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It’s the Concacaf Nations League Finals. Should you care?

Why would we want the USA to play top European sides when they can beat up on the minnows in their own hemisphere instead! Here’s everything you need to know about this weekend’s Nations League Finals.

Northern Ireland v USMNT

You’ll be seeing a lot of the US Men’s National Team this summer, and it begins on Thursday night in Denver with the Concacaf Nations League Finals.

Wait, what’s that? We thought you might ask this question. Here’s everything you need to know about the Concacaf Nations League Finals, as well as the Summer of Soccer for the US Men’s National Team.

The Concacaf Nations League: What is this thing?

It’s a new competition to give countries more competitive matches throughout the calendar year instead of loading up on friendlies. Europe is doing the same thing, and so maybe it’s not the worst idea that Concacaf is doing it too. From a Team USA perspective, getting friendly matches with top European sides will only become more difficult in the future.

But the problem is while UEFA is the best confederation in the world, Concacaf ... isn’t. Like there’s two good countries, the occasional feisty side from Central America, and a bunch of semi-professional teams that aren’t anywhere near competitive on an international landscape. That’s not their fault, but Grenada just doesn’t have the population or economy to compete at the highest levels of world football.

So the USA is in it, right?

Indeed! The USA won their group with Canada and Cuba (despite an awful loss in Toronto) over the last two years starting in September of 2019. They were in one of the four “League A” groups, and those four winners are competing on Thursday in the semifinals, and Sunday in the Final.

There are three leagues: A, B, and C. If you win your group, you move up a level in the next Nations League Finals to the next league (from C to B, or from B to A). If you finish last in your group, you move down a level in the next Nations League Finals (from A to B, or from B to C).

Match schedule (all matches in Denver)

Semifinal: Honduras vs. USA: June 3rd, 7:30 p.m.

Semifinal: Costa Rica vs. Mexico: June 3rd, 10:00 p.m.

Final: Winners of semifinals: June 6th, 9:00 p.m.

So it’s the Concacaf Nations League Final ... but it’s a semifinal?

Correct. The final-four-esque tournament being played Thursday and Sunday is the Final (capital F), which consists of two semifinals and a final (lower case F). Only in world football.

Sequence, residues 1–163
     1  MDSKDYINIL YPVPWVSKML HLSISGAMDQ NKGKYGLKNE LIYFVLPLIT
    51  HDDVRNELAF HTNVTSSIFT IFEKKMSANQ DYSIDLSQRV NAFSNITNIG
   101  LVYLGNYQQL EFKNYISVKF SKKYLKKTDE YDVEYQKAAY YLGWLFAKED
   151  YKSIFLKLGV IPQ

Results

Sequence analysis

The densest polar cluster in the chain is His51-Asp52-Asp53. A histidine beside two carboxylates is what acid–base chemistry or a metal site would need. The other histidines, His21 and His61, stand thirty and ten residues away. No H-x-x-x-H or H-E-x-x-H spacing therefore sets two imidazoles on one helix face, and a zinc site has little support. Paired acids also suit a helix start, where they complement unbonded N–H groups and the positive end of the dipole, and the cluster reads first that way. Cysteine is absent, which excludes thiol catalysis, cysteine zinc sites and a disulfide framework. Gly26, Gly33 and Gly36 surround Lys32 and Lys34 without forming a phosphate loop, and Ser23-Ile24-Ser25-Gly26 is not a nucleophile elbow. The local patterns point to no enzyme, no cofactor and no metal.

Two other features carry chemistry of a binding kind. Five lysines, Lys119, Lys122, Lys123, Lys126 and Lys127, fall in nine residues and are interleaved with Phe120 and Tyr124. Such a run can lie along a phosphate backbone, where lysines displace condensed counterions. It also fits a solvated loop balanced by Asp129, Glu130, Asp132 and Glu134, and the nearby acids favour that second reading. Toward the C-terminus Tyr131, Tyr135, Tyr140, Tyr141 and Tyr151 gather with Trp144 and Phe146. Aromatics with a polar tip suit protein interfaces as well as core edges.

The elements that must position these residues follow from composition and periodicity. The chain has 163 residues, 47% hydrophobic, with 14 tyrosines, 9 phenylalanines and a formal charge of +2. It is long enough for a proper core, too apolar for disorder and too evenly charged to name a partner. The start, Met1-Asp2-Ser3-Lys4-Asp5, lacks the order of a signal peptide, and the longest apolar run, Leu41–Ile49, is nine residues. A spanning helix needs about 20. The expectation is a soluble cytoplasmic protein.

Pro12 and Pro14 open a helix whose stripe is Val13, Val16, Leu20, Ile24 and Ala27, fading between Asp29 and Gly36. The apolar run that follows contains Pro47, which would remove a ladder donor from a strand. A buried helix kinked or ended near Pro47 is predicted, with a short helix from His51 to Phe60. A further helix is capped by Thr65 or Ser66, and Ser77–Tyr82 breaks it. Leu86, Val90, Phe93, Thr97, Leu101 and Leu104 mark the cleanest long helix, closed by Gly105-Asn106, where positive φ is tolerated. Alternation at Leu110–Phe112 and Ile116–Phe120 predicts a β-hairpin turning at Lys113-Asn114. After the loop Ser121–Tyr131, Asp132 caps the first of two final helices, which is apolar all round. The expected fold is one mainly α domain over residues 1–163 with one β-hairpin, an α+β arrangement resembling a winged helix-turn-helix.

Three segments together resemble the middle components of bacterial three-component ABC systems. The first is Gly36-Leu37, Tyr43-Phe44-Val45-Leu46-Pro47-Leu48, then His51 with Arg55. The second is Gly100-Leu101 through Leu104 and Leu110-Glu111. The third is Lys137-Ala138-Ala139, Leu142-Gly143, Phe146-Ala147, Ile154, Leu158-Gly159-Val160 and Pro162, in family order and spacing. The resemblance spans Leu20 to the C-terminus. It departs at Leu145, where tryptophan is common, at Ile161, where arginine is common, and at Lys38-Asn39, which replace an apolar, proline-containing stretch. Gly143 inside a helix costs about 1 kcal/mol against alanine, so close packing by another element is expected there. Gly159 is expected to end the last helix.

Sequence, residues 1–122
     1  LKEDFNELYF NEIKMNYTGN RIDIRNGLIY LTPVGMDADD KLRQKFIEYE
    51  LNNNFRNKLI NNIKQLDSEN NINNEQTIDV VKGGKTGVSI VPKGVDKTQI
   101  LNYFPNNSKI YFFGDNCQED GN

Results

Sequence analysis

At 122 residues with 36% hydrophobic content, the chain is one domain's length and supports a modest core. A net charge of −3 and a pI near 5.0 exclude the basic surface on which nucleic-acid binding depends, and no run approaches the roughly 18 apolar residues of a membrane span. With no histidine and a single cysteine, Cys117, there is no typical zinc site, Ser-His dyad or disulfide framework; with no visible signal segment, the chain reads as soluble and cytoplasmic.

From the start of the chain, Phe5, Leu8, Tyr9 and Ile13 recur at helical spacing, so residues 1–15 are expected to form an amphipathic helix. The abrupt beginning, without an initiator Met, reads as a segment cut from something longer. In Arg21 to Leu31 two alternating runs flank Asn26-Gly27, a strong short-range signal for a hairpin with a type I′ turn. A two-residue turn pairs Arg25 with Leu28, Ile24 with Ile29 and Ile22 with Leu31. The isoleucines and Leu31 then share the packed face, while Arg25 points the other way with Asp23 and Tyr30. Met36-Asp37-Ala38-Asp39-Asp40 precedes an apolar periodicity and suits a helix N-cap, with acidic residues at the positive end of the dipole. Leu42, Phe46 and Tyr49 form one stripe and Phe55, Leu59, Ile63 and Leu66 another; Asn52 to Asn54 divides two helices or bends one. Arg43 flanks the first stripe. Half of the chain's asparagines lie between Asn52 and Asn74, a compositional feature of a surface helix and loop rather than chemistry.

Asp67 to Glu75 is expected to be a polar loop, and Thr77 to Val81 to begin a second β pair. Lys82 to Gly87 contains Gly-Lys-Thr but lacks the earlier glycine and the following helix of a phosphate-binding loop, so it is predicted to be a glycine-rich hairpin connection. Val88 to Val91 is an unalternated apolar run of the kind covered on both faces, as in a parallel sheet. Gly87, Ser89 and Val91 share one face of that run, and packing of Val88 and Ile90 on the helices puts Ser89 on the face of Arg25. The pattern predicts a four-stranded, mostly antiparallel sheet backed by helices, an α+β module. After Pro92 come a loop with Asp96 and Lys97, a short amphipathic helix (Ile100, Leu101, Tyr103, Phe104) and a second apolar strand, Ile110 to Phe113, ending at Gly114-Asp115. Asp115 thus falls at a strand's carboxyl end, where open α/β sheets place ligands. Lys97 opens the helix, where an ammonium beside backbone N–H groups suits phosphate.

Did we mention Concacaf is often run by criminals that take tens of millions of dollars in bribes?

So is this to be champion of Concacaf?

No. That’s the Gold Cup, which starts July 2nd and runs through August 1st of this year. The Concacaf Nations League is a separate competition that’s never been held before.

Will this help the USA get back in the World Cup?

Also no. That will be decided via The Octagonal, which replaces the old Hexagonal of Concacaf qualifying. World Cup Qualifiers start in September, and by coincidence all four Nations League semifinalist teams are already qualified there as well. Each received automatic byes as one of the top five-ranked teams in the Concacaf Ranking Index as of the cutoff date. They’ll be joined by Jamaica, and the winners of these three home-and-away playoffs in June:

Saint Kitts and Nevis vs. Montserrat
Nicaragua vs. Canada
Dominican Republic vs. Curacao

After that, Concacaf World Cup Qualifying is pretty simple: All eight teams in The Octagonal will play each other home-and-away, for a total of 14 matches per team. The top three get into the 2022 World Cup, the fourth-place team will enter a playoff with a team from another confederation, and everyone else gets left home.

So this isn’t a confederation championship, or for the World Cup. Why should I care?

Because you love arbitrary international competitive football! Because Concacaf wants you to care!

But if they want to make this thing mean something, future editions of this event should give the winner something of value. Either a spot in the semifinals of the Gold Cup, or an extra point in The Octagonal for World Cup Qualifying, or ... you know, something.

While the Nations League is likely better for the smaller federations of the western hemisphere that will now have more competitive matches, it’s probably bad for the two best teams of the USA and Mexico. Beating up on minnows isn’t a great way to get better, and it will be tough to get the best American players in Europe to come over and curb stomp a Caribbean country with more tourists than people on an average day.

But we might get a USA vs. Mexico Final, and then another one in Las Vegas at the end of the Gold Cup in August. Concacaf might not be the best, but The Yanks vs. El Tri is still one of the best sporting rivalries on Planet Earth. So there’s a possibility something good comes out of this.

And it does look like the USA is sending their best team, including new UEFA Champions League winner Christian Pulisic. And that is always worth watching.